A little over two months ago, a guy I went to high school with reached out to me on social media. We had always had a thing for each other, but we never acted on it up until now. We exchanged numbers and started texting, FaceTiming and Snapchatting constantly.
We lived in different states at the time, so it was difficult to see each other in person, but I did go see him a couple of times and would spend a few days with him each time. Every time we were together it was great, we had a lot of fun, and he made me feel special. He told me that he was serious about me, that he could see a future with me.
We did talk about the long-distance thing hindering the relationship, and so about a month and a half later I moved two hours away.
I had an extended stay with him recently. After a few days, I started to notice a change in him: he was distant and less affectionate. When I asked him about it, he said everything was fine and within a few days things seemed to be back to normal.
When I returned home, he seemed distant. I texted him and only got brief responses. I tried to FaceTime and got no answer. Finally, I texted and asked him if he was going to tell me what was wrong. No response. He ghosted me.
Meanwhile, he was still the first to look at my social media. I asked him to be an adult and tell me what happened. His response was, "I just have a bad feeling. It's not going to work." I asked him to explain and he just said, "It's just not going to work." That day he deleted me from Snapchat. What does that mean??? Was it me, was it him? Please help!! :/
Jessie T, Kansas City, MO
Oh my God, I’m so sorry, you uprooted your life to get dumped! And if you’re still standing over there in shock wondering what the hell happened, I hate to be the bearer of bad news but yeah, that’s what just happened here.
You know, people always get so flustered with me when they hear me say “long-distance isn’t real,” but I stand by my belief. Are there times that a long-distance connection can turn into a real and lasting relationship? Of course! But there’s a whole lot of real that has to happen in between to get to that happily ever after.
You two had been crushing on each other for a long time, and that part is delicious. But chemistry has nothing to do with compatibility, and that’s what you need to discover in the dating process. Maybe we shouldn’t call it the “dating process” but instead the “discovery process.” And you two skipped that part. You need that time to hang out with each other to really see, evaluate and learn about each other. You need that time to haul out annoying habits, show your temper, and to also find your own inner answer to “can I do life with this person?”
Please stop asking the question “Why.” The answer won’t serve you. A woman will often ask the question “Why” because we think we could change to be the right person for him. Have you noticed guys don’t really ask “why” as much as we do? It’s because they aren’t inspired to change who they are. Instead, they think, “Oh, she doesn’t accept me for who I am. Okay. Huh, maybe I’ll go find someone who will, then.” I recommend you be like a guy here.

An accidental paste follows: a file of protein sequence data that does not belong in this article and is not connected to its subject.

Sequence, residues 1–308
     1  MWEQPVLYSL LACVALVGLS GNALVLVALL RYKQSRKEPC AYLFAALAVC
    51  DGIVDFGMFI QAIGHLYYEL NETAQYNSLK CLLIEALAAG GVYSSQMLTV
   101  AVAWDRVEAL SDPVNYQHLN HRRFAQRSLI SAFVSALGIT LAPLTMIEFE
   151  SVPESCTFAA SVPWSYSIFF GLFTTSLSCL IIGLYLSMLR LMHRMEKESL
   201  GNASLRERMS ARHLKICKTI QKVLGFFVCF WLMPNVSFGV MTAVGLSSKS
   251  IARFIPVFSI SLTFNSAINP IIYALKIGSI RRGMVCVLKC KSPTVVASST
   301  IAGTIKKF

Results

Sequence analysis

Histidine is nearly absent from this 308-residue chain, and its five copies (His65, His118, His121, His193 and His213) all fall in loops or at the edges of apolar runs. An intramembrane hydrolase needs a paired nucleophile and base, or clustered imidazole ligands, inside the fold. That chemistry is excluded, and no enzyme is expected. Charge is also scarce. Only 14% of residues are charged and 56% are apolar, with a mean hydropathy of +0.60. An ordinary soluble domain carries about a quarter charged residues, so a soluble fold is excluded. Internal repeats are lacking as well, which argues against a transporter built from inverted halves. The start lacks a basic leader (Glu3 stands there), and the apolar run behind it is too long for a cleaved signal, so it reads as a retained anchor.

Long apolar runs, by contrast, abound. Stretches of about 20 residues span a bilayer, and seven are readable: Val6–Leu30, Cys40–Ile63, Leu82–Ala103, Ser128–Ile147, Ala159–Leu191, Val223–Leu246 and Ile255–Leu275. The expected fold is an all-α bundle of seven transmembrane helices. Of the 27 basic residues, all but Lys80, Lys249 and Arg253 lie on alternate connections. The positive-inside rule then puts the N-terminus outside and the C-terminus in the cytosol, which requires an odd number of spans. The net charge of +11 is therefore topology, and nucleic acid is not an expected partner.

One of two things happened with your ex-boyfriend. 1) He doesn’t want to try to change you, and he saw something (or more than one thing) that is fundamentally not a match for partnership with him. Or 2) He’s the type of guy that when it gets too real, he bounces. I’m not sure which of these two scenarios is his particular situation, and it could be a combo of both, but either way, he’s not your guy. (I know this because your guy can totally handle all of who you are without disappearing.)
You didn’t do anything wrong here. You two crazy kids gave it a run, tested it out, and at the end of the day, you weren’t a good long-term fit.
I’m sorry he didn’t end it with more honor and dignity. I wish he’d been mature enough to take you out to dinner and tell you, “I think we made a mistake, moving you here so fast. We’re not a good match for each other. But I think you’re an awesome person, and I wish you good luck in your life.”
He does care about you and thinks you’re an awesome person; it’s why he kept looking at your Instagram after he disconnected from you. He just didn’t have the maturity for this, or the will to potentially argue a case that to him was already closed.
And for all the readers, please let this be a glaring example of why long-distance isn’t real. Three-day weekends don’t give you the information you need about a person to uproot your life. If you are contemplating turning something long-distance into a real relationship, you’ll have a better shot at it if you are both taking two-week increments at an Airbnb property nearby the other person’s house. You need real face time together over an extended period of time to see what you need to see. I had a platonic, long-distance friend for several years. We talked almost every day by phone. We spent three-day weekends together a lot, but it wasn’t until we went to Europe for 15 days that we saw each other. And the outcome of that caused us to break up as friends. You just can’t see the whole package over Snapchat or FaceTime.
Jessie, back to you. So. You live in a new town. Now you get to decide what you’re going to do with this experience. Are you going to get crushed by this and have this be your victim story? Or are you going to shake it off and decide that while it didn’t turn out, this relationship was the catalyst that springboarded you into your cool new life that took you in an unintended but spectacular direction? Only you get to decide.